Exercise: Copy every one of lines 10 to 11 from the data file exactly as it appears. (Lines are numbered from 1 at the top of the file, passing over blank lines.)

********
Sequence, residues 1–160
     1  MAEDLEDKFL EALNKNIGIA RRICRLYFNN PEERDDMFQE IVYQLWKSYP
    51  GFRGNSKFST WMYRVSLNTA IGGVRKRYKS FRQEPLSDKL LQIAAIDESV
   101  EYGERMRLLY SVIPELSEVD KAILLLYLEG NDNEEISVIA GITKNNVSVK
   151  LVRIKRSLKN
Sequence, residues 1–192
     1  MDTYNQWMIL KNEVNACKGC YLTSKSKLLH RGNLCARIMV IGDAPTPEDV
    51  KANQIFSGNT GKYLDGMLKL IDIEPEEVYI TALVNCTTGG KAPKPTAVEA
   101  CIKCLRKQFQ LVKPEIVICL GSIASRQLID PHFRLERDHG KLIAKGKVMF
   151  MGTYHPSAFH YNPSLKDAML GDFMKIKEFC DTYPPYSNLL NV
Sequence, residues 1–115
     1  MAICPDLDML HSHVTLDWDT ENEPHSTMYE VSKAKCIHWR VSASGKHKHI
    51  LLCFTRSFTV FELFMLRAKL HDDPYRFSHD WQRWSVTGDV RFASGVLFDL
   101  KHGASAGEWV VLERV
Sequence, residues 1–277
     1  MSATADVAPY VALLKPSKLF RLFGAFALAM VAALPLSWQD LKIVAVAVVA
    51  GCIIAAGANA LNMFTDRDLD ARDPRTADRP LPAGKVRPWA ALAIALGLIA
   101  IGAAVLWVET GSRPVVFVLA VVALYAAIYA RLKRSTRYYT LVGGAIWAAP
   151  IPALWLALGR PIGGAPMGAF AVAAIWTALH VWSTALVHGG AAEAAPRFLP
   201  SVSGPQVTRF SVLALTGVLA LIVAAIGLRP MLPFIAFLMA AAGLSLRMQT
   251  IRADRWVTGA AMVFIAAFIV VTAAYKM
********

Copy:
   151  MGTYHPSAFH YNPSLKDAML GDFMKIKEFC DTYPPYSNLL NV
Sequence, residues 1–115